Nov Issue - Public Art Review


Published on

5 Artist Featured as Placemakers

Published in: Design
  • Be the first to comment

  • Be the first to like this

No Downloads
Total views
On SlideShare
From Embeds
Number of Embeds
Embeds 0
No embeds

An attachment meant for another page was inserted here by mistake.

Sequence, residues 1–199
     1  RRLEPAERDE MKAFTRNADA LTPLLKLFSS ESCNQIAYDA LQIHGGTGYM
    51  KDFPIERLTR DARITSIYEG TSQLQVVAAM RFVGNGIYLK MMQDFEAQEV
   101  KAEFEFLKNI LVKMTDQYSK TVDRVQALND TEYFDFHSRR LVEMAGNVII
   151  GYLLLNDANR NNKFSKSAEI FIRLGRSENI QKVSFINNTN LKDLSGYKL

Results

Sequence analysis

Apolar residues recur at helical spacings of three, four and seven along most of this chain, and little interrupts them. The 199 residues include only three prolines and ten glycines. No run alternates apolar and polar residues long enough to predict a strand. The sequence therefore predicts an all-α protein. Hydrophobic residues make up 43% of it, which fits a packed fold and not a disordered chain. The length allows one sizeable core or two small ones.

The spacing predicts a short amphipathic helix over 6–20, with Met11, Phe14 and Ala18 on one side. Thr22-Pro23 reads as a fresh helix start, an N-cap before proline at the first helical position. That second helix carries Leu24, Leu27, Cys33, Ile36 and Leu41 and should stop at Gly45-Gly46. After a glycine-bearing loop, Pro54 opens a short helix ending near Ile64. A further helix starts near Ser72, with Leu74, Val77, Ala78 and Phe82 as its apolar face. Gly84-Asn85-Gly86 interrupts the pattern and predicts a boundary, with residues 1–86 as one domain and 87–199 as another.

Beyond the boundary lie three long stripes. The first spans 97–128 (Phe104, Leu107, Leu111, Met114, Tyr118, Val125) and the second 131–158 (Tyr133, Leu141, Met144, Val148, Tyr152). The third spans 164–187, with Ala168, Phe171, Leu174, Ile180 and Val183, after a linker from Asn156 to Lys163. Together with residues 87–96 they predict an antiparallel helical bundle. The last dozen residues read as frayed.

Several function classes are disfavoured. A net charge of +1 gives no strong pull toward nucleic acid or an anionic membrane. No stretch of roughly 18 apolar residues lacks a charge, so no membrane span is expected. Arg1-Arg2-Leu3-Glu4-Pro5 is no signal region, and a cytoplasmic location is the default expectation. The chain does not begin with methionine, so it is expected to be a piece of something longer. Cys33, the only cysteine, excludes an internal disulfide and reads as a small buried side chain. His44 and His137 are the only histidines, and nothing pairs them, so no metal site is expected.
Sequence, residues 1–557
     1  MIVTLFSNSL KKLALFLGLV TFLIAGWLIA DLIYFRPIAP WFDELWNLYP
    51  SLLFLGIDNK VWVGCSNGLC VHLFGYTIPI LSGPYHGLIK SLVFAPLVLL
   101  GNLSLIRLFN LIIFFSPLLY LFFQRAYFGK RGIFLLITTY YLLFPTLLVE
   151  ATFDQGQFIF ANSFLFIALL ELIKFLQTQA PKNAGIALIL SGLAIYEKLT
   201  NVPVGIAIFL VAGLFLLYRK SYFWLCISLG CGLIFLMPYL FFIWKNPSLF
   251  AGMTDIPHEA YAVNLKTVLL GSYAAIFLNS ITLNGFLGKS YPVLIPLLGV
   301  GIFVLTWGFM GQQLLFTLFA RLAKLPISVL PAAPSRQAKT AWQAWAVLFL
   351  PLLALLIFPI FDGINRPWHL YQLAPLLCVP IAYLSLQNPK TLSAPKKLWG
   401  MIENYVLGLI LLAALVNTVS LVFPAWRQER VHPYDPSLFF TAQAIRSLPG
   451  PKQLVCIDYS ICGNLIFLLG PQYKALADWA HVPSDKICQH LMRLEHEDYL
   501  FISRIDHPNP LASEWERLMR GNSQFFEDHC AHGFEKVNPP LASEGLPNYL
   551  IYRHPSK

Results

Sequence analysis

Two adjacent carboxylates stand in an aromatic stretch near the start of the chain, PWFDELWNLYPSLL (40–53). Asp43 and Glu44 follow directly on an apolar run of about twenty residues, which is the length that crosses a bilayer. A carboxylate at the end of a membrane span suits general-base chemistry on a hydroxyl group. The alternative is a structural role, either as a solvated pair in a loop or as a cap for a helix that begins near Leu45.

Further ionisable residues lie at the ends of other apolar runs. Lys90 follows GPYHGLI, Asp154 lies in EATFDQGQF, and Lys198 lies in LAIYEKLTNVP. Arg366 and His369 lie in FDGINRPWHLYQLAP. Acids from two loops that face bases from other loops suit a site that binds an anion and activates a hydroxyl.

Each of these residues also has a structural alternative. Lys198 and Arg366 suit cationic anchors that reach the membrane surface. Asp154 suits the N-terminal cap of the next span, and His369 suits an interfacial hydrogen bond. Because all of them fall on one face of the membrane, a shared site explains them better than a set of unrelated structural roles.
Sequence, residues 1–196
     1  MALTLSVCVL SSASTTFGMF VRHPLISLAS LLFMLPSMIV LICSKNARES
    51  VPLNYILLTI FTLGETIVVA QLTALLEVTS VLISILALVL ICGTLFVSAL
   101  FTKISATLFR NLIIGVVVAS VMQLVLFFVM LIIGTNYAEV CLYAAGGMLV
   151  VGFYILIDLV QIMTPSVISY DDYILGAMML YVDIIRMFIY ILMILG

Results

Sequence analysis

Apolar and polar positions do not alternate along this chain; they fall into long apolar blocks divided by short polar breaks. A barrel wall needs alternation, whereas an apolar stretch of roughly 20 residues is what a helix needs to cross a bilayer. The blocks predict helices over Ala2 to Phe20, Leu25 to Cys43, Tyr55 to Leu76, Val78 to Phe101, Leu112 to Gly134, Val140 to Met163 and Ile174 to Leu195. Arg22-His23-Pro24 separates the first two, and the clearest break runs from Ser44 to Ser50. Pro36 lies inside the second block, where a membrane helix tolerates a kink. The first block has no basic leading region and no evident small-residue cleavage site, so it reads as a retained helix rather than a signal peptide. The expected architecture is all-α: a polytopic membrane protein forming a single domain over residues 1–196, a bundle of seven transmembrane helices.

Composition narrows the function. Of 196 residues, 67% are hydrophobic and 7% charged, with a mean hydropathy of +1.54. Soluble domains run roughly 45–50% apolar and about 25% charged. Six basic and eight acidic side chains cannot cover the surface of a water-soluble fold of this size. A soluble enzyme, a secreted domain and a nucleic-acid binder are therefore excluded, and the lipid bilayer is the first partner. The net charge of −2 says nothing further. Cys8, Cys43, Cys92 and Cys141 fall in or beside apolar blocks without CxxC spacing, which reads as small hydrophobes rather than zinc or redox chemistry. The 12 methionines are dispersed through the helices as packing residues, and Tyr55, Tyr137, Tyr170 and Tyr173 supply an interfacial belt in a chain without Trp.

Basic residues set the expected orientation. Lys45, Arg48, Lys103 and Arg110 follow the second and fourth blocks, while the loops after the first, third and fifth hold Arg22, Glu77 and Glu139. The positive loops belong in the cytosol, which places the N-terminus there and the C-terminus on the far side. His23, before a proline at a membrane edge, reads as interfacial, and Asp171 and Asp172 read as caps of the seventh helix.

No notes for slide

Nov Issue - Public Art Review

  1. 1. T h e I nt e r nat i o nal Awar d f o r P ub li c A r t : M e e t t h e F inali s t s issue 47 • fall/winter 2012 • publicartreview.orgIssue 47 • About Place ABOUT PLACE Putting art at the heart of placemaking Cambodia’s vibrant public art scene Washington D.C.’s new 5x5 festival Mixing past and present at the Golden Gate Charles Landry on city making $16.00 USD